Getting out the vote is not easy for any election, but it’s especially difficult during primary season in non-Presidential election years.
Yet, elections offices like the one in Pasco County is doing everything they can to attract voters, and there is at least some good news from Brian Corley’s office as early voting wraps up late Saturday night.
More than 23,000 ballots have been cast in the county — including just under 5,800 ballots from early voting — as residents share their voice on who should represent them either in November, or in some cases, on the various government boards themselves.
The totals released as of 9 p.m. Saturday represent a nearly 8 percent turnout, according to Corley’s office. That includes more than 17,600 that have arrived by mail.
The biggest turnout so far has been at Timber Oaks in Port Richey, where 432 mail-in ballots and 75 early vote ballots represent 13.4 percent of the voting population. Not far behind are voters who use the Beacon Woods Civic Center in Bayonet Point as a polling place, where 487 mail ballots and 145 early votes already have been cast, representing a little more than 13 percent of the vote.
The smallest turnout in the county is Precinct 96, where voters there cast ballots at Carpenter’s Run Clubhouse in Lutz, where just 52 mail-in ballots and 16 early votes have been counted, representing less than 3 percent of the total voter population there. Not far behind was Precinct 48, which uses Calvary Baptist Church in Wesley Chapel as a polling place, that has received 37 mail-in votes and 16 early votes, representing 3.4 percent of eligible voters there.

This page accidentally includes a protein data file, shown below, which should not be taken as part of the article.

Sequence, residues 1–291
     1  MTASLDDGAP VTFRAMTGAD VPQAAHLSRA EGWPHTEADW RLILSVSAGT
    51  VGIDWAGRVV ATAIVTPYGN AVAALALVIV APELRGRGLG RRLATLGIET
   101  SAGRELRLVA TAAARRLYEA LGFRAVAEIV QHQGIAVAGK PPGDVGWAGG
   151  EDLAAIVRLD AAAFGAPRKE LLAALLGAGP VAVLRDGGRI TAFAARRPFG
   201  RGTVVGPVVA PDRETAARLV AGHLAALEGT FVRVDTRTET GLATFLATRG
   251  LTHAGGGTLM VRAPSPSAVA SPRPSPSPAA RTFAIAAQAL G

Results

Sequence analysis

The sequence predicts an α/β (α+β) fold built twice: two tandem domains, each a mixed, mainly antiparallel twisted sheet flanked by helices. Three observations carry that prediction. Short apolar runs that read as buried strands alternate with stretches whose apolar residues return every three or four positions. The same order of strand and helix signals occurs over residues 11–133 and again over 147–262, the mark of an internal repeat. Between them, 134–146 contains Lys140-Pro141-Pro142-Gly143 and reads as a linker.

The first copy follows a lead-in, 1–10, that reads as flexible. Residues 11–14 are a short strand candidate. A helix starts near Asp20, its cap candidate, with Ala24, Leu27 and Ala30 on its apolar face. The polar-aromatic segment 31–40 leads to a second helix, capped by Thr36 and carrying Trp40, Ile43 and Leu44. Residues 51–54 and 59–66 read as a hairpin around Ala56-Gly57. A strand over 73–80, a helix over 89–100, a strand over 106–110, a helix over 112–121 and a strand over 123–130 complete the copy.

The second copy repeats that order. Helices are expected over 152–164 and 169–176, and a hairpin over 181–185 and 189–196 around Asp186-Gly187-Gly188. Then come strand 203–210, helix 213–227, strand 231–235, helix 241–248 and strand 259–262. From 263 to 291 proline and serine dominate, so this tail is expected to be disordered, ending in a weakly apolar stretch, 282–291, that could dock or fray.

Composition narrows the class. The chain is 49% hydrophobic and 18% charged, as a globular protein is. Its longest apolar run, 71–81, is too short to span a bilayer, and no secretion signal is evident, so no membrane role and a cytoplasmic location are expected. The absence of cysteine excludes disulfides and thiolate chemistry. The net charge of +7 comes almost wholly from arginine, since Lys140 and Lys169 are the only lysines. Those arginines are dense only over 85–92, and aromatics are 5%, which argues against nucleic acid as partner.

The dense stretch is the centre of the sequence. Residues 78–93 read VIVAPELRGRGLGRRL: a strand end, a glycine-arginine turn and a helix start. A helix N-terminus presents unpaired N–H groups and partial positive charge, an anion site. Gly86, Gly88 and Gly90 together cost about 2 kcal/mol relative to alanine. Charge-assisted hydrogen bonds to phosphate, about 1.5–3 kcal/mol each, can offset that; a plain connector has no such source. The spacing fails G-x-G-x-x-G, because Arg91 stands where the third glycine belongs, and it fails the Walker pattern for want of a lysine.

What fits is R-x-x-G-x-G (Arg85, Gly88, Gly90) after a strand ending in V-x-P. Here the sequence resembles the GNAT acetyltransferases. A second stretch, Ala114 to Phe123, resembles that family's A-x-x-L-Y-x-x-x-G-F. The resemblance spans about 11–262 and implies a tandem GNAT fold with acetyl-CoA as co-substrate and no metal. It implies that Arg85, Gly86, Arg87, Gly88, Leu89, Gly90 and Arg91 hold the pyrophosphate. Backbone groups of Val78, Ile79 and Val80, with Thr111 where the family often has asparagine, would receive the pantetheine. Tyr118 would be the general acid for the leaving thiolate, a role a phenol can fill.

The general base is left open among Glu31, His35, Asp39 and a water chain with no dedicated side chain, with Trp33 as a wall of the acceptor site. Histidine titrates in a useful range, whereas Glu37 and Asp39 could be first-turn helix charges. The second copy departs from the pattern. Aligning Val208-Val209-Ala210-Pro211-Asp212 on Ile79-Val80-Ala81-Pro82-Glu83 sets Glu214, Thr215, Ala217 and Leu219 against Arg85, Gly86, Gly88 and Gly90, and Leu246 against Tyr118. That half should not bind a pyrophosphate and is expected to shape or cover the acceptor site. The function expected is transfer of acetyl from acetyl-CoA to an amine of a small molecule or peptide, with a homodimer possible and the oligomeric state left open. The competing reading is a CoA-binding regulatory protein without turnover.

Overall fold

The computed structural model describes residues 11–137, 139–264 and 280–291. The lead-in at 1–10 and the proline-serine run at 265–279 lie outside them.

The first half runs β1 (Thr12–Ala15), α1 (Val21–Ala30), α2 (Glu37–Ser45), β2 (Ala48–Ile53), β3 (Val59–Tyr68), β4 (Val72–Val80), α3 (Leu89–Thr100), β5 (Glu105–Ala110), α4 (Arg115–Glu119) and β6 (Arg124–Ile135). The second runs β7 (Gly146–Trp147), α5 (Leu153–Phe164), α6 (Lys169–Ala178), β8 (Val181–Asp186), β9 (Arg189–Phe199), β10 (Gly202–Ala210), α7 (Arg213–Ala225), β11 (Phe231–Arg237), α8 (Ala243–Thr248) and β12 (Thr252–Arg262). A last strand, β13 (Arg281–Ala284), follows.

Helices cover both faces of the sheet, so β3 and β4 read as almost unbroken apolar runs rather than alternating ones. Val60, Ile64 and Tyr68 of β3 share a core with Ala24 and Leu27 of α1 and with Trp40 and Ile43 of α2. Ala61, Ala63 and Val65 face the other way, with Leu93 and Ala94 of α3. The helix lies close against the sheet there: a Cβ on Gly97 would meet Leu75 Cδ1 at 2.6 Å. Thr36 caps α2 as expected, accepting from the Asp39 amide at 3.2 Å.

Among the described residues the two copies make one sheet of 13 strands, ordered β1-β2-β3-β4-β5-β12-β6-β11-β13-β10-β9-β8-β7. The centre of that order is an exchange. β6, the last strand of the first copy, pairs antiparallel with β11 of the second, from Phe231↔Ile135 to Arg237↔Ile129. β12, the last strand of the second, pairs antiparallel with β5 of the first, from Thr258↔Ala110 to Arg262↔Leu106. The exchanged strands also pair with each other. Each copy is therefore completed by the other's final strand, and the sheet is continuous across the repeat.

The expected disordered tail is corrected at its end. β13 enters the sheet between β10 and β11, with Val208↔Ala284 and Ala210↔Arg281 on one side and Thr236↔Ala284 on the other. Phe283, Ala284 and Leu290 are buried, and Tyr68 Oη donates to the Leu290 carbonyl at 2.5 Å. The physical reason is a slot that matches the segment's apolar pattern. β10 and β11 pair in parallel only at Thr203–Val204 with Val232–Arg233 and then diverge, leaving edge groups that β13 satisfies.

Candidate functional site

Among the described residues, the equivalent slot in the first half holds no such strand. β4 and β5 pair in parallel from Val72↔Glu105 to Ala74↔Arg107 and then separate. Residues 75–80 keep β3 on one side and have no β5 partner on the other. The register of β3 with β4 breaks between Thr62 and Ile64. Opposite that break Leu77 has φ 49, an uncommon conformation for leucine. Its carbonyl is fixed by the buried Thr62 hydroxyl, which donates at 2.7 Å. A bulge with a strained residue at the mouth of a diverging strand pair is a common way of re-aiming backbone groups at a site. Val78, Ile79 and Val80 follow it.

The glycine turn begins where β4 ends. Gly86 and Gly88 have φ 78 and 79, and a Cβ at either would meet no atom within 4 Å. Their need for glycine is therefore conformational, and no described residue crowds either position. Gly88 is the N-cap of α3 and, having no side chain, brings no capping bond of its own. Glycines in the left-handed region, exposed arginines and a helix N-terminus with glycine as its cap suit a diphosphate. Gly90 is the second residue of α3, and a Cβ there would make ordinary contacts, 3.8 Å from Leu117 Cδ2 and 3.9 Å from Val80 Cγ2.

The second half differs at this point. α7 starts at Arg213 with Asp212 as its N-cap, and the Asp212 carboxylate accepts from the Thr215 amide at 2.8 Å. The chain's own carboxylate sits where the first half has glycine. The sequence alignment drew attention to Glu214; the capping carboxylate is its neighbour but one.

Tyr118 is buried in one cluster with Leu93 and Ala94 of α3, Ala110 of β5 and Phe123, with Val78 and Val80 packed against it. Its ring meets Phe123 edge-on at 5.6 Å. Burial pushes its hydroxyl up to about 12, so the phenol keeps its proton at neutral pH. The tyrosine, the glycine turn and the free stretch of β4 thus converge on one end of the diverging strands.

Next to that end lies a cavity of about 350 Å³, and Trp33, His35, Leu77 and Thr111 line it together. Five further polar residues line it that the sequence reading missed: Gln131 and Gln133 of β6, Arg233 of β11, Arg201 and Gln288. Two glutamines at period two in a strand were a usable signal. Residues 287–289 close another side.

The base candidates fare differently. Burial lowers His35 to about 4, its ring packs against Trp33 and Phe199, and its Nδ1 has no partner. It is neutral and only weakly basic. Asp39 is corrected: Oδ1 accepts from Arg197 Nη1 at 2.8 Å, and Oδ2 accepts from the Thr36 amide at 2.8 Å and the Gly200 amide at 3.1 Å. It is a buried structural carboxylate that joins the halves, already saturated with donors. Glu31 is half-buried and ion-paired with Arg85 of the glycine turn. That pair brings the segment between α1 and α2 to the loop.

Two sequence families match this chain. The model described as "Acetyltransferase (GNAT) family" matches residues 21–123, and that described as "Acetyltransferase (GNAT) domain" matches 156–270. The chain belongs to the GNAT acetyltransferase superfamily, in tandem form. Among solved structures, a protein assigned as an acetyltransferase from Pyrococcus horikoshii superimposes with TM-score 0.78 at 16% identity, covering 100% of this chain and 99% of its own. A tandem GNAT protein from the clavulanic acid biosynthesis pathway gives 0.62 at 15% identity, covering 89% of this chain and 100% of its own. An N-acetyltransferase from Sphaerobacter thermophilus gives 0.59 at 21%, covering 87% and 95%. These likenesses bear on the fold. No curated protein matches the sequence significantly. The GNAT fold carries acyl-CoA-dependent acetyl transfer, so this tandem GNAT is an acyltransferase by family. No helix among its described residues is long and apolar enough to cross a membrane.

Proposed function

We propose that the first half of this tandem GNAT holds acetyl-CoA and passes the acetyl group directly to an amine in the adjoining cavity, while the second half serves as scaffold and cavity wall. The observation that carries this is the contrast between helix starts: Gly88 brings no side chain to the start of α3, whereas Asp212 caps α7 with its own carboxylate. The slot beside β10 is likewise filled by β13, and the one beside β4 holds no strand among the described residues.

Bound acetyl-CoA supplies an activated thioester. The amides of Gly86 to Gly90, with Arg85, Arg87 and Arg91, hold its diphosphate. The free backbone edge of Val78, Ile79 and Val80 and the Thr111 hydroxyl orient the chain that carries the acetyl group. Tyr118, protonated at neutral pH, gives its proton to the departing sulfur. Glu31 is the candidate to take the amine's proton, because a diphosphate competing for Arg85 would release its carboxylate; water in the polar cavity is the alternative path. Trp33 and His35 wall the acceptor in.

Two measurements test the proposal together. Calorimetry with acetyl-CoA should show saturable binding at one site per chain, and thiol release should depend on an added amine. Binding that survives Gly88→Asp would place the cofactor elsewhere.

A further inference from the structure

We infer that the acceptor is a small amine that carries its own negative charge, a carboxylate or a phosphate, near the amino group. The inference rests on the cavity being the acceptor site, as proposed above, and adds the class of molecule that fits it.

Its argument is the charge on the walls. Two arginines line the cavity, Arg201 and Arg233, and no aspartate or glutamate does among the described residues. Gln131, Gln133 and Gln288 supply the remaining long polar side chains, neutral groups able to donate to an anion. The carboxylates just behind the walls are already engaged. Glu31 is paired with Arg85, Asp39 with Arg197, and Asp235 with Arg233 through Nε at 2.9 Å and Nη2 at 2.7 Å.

Nearly 11,000 of the votes cast were done by registered Republicans, while 9,500 were from registered Democrats, according to Corley’s office. The remaining 3,000 or so are from those who are members of other parties, or completely independent. That represents about a 46 percent turnout of the votes cast by Republicans, 41 percent for Democrats and 13 percent for everyone else.
The election office, by the way, says registered Republicans make up 38 percent of all county voters, while Democrats represent 34 percent, and independents 28 percent. The higher number of voters from the two larger parties is not a surprise considering Florida is a closed primary state, and those not registered for any party would be limited to judges, school board members, and the Pasco County Commission race between incumbent Henry Wilson Jr. and challenger Mike Wells Jr., which is an open primary since there is no November challenger.
Be sure to bookmark LakerLutzNews.com for all your late-breaking primary election coverage this coming week. To see complete statistics on voter turnout, visit the Pasco County Supervisor of Elections website by clicking here.
Primary voting day is Aug. 26.